• The present invention is described below with reference to flowchart illustrations and/or block diagrams of methods, apparatus (systems) and computer program products according to embodiments of the invention. It will be understood that each block of the flowchart illustrations and/or block diagrams, and combinations of blocks in the flowchart illustrations and/or block diagrams, can be implemented by computer program instructions.
  • These computer program instructions may be provided to a processor of a general purpose computer, special purpose computer, or other programmable data processing apparatus to produce a machine, such that the instructions, which execute via the processor of the computer or other programmable data processing apparatus, create means for implementing the functions/acts specified in the flowchart and/or block diagram block or blocks. These computer program instructions may also be stored in a computer-readable medium that can direct a computer or other programmable data processing apparatus to function in a particular manner, such that the instructions stored in the computer readable medium produce an article of manufacture including instruction means which implement the function/act specified in the flowchart and/or block diagram block or blocks.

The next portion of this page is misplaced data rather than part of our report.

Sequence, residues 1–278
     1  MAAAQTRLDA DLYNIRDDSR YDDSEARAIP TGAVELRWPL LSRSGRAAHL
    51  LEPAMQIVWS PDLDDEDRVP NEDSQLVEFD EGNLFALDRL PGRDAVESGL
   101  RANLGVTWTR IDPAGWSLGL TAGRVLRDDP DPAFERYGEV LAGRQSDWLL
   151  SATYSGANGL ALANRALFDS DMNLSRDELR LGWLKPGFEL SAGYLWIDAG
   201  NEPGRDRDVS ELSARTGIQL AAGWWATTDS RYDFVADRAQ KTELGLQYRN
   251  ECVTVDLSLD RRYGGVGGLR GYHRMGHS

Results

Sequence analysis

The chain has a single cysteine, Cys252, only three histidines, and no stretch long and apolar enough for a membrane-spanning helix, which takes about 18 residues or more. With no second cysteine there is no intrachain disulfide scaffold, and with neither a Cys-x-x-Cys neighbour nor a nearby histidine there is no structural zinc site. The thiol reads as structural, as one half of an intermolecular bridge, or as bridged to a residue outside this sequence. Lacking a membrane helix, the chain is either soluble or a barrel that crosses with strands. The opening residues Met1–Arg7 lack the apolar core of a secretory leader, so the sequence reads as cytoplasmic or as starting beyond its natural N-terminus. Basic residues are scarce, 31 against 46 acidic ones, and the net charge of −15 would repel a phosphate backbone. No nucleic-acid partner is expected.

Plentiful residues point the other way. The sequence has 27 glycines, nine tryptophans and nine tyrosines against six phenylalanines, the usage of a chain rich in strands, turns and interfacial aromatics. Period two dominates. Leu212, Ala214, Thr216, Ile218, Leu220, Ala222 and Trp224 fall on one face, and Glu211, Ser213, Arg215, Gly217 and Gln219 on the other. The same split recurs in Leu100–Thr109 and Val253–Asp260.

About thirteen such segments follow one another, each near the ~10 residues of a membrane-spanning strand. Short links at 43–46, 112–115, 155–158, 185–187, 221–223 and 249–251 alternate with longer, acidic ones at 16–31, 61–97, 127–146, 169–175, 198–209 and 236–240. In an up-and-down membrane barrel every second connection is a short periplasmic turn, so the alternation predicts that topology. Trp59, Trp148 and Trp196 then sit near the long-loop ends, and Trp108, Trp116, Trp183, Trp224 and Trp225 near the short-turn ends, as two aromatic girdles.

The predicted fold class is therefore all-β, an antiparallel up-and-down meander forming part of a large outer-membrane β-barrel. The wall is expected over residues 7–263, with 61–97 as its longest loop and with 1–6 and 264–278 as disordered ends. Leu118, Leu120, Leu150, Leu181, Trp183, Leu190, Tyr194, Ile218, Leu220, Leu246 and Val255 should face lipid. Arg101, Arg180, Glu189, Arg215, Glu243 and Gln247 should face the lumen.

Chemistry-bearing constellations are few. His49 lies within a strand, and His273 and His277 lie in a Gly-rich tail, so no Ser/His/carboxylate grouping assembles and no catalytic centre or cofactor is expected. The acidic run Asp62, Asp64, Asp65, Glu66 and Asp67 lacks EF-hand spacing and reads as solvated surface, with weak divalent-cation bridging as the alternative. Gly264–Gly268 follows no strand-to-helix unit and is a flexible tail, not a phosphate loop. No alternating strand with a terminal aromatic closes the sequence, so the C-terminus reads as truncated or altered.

• The computer program instructions may also be loaded onto a computer or other programmable data processing apparatus to cause a series of operational steps to be performed on the computer or other programmable apparatus to produce a computer implemented process such that the instructions which execute on the computer or other programmable apparatus provide processes for implementing the functions/acts specified in the flowchart and/or block diagram block or blocks.